These last few words are critical. Through my studies and teaching of the Alexander Technique, I have come to believe that “non doing” does not mean nothing doing. Once we accept that we have the choice to not do, we make ourselves available for anything. We seem to find our way into not doing what we don’t really need.
“The process (non-doing), sounds frightening for one thing, because there’s no guarantee. Once you accomplish “ego death”, as it’s often called, what will be left? You might wind up enlightened, but you also might wind up a blank, a passive non-self with no interests or desires. People find the Buddhist path rigorous because you are asked to re- examine everything you think will get you ahead in life……..”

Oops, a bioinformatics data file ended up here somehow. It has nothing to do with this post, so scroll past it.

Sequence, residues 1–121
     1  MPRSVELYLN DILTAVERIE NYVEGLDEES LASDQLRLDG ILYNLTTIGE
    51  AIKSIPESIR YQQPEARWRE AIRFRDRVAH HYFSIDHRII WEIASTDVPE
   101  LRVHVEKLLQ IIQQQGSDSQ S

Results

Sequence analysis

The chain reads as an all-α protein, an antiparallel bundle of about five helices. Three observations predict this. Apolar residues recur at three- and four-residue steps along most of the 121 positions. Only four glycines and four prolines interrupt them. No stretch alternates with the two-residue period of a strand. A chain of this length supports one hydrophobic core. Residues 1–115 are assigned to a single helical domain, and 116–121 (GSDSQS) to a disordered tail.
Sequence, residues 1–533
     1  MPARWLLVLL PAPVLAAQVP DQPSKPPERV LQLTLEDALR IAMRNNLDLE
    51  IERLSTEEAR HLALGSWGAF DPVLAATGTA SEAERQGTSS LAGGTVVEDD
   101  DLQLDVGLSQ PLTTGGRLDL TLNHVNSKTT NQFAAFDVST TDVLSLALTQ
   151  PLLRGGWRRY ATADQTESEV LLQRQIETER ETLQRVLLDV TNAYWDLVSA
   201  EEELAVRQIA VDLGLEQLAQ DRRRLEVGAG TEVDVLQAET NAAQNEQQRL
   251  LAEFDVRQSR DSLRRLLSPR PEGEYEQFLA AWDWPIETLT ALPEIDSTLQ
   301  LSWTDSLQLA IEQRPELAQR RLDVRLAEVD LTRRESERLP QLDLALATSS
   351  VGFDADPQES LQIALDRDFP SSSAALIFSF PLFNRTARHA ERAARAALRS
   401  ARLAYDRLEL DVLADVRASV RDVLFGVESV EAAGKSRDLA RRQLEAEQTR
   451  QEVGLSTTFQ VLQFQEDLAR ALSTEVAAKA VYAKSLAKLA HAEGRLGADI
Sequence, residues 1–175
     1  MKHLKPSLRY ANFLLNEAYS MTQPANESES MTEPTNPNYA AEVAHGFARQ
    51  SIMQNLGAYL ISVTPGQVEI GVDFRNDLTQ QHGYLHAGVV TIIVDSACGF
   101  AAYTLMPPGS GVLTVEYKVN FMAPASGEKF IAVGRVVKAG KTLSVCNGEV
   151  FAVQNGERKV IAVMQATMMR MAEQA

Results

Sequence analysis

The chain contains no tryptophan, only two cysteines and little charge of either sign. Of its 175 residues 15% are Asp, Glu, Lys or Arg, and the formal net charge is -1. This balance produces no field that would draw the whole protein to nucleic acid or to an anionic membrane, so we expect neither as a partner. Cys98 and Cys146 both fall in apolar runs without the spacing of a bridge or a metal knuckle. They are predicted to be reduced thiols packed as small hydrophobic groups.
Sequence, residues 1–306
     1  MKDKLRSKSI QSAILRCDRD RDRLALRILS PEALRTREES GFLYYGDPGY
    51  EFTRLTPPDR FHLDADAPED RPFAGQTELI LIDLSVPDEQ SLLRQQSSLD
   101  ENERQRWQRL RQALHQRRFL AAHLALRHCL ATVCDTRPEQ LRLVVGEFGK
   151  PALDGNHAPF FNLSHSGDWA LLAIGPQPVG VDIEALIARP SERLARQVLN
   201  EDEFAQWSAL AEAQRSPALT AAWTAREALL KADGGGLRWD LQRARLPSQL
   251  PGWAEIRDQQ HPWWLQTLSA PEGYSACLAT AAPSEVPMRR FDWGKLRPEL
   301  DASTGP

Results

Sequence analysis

If we consider “non-doing,” as we understand it from Alexander’s teachings, we see there is little to distinguish between the two. Alexander’s principle of inhibition comes with faith that when we give up what we’re holding on to even though we don’t know what will now be available, we are putting aside familiarity and re considering (reexamining) the possibilities. Once we decide to detach from the familiar, anything is possible.
When Chopra is asked “So enlightenment is the same as having no desires”?, he responds:
“You have to understand “no desires” in a positive sense, as fulfillment. At the moment a musician is performing, there’s a state of no-desire because he feels fulfilled. At the moment you’re eating a wonderful meal, hunger is fulfilled. Buddha taught that there is a state, known as Nirvana, where desire is irrelevant. Everything desire is trying to achieve exists in Nirvana already you don’t have to pursue one desire after another in a futile quest to end suffering.”